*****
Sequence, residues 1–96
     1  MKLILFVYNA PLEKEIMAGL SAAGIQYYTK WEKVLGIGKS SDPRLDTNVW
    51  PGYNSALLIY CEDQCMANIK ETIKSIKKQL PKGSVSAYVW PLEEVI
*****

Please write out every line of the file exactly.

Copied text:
Sequence, residues 1–96
     1  MKLILFVYNA PLEKEIMAGL SAAGIQYYTK WEKVLGIGKS SDPRLDTNVW
    51  PGYNSALLIY CEDQCMANIK ETIKSIKKQL PKGSVSAYVW PLEEVI